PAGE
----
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There are things everyone knows they should do once a year, like see their doctor for a checkup and have a dentist examine their teeth. There’s a crucial item, however, that people often neglect to add to their list of necessary annual appointments. A hearing test.

A good hearing instrument specialist can detect whether you’ve experienced any hearing loss. If you’ve already been diagnosed with hearing loss, they can determine if changes call for the reprogramming or replacement of your hearing aid.

A Checkup Can Reveal If You Have Hearing Loss

You might think, “There’s no way I have hearing loss. I’d know if I did.” Actually, it’s entirely possible to ignore slowly-encroaching hearing loss, and many people do.

A person’s range of sounds can diminish so slowly they fail to notice. Meanwhile, they may unconsciously compensate for their hearing loss. A person with undiagnosed hearing loss may, for instance, turn their TV or music up significantly or speak more loudly than formerly. Friends and family members often notice a person’s hearing loss before they do.

Sometimes people feel they’re too young to have hearing loss. While hearing impairment is more common in older people, it can strike at any age. Some 48 million Americans are affected by hearing loss. Common causes include exposure to loud noises due to occupation or hobbies—think target shooting, loud concerts, and motorsports—as well as aging.

During your hearing test, you can also mention any other issues you’ve been experiencing. For instance, hearing loss and noise damage sometimes lead to the development of tinnitus. It’s a phantom sound in the ears that ranges in sound from ringing to screeching and in severity from merely annoying to truly distressing.

In most cases, there is no cure for tinnitus. With all of the recent technological advances, however, it’s becoming increasingly treatable.

A Checkup May Prompt You To Accept A Previous Diagnosis

People very often ignore a diagnosis of hearing loss. In fact, it takes the average person 7 years after being diagnosed with hearing loss to be fitted with hearing aids. There are a number of common reasons for this procrastination, including:

  • Avoidance
  • Concern hearing aids will make you look old or incapable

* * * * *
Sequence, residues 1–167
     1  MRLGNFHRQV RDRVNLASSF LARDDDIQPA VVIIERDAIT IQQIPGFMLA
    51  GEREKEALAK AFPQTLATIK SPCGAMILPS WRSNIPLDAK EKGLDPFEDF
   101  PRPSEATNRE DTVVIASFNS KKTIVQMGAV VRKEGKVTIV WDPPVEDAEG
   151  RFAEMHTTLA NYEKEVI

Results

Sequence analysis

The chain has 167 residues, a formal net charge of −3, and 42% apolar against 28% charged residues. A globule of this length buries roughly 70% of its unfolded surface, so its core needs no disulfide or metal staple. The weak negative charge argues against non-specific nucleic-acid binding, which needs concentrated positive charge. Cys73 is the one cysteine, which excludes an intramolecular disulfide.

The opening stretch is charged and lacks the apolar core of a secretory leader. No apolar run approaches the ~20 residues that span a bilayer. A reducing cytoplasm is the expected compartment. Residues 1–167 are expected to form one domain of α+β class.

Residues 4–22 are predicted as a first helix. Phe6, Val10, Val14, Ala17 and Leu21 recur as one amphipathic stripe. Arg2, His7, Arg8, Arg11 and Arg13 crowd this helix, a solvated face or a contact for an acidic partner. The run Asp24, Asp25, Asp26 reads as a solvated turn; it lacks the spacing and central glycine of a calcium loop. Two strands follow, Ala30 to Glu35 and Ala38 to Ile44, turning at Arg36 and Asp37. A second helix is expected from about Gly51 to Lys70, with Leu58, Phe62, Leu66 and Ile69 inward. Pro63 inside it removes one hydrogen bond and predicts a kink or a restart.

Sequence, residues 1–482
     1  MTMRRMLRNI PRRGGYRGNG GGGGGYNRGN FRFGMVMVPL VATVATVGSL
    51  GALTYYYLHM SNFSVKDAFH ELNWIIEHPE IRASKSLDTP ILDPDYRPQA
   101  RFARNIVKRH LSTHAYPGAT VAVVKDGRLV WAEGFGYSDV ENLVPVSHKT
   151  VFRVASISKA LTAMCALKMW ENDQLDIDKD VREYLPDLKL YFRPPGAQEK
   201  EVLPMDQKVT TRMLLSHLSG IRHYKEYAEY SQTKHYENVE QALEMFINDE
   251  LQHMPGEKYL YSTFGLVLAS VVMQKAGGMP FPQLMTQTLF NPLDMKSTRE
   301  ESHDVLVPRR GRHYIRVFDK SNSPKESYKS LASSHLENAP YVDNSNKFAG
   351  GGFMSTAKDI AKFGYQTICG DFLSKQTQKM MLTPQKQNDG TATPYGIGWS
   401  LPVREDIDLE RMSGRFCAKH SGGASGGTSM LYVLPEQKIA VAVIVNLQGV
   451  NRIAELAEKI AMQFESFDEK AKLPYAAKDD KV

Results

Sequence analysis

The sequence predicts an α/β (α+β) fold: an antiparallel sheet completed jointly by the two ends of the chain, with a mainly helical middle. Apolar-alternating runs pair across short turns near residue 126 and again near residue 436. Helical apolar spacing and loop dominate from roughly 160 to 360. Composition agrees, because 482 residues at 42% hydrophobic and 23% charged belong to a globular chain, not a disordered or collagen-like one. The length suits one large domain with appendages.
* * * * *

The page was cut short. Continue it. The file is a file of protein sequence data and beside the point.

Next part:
• Denial
  • Doubt hearing aids can help with severe hearing loss
  • Fear hearing aids will be too costly
  • Worry that hearing aids will be unsightly

The truth is hearing aids have never been so small or discreet. There’s also a wide range of prices for these invaluable devices, depending on whether you opt for a bare-bones model or one equipped with advanced digital technology.

Living With Untreated Hearing Loss Has a High Cost

A pair of state-of-the-art hearing aids can be pricey, but no device is as costly as living with untreated hearing loss. The resulting muffling of the world is bad for a person both on a social and physical level.

People with untreated hearing loss are at risk of socially isolation. They may avoid situations where struggling to make out words and sounds is difficult, from crowded restaurants to speaking engagements.

Impaired communication and misunderstandings can also put a strain on meaningful relationships, such as the one you enjoy with your spouse. A 2000 survey conducted by the National Council on Aging found higher rates of depression and anxiety among adults with untreated hearing loss.

Untreated Hearing Loss Takes a Physical Toll

If you go too long without the hearing aids you need, you can lose the ability to hear certain sounds altogether. Further, a connection has been found between untreated hearing loss and the diminishment of memory and other brain functions.

Researchers at Johns Hopkins University conducted a longitudinal comparing senior citizens with healthy hearing to those with untreated hearing loss. They was found people in the latter category had a 41 percent greater chance of developing Alzheimer’s disease or other types of cognitive decline.

The exact cause of this correlation is unknown, but there are three prevailing hypotheses:

  • Hearing loss leads to social isolation, which is a risk factor for dementia.
  • Reduced audiological input leads to reduced brain activity.
  • The long-term strain of decoding words and sounds makes the brain more vulnerable to dementia.

At Modern Hearing Solutions, we believe no case of hearing loss should go undetected or untreated. Are you ready to take a hearing test, get fitted with hearing aids, start managing your tinnitus obtain hearing protection?

Contact us today to make your appointment.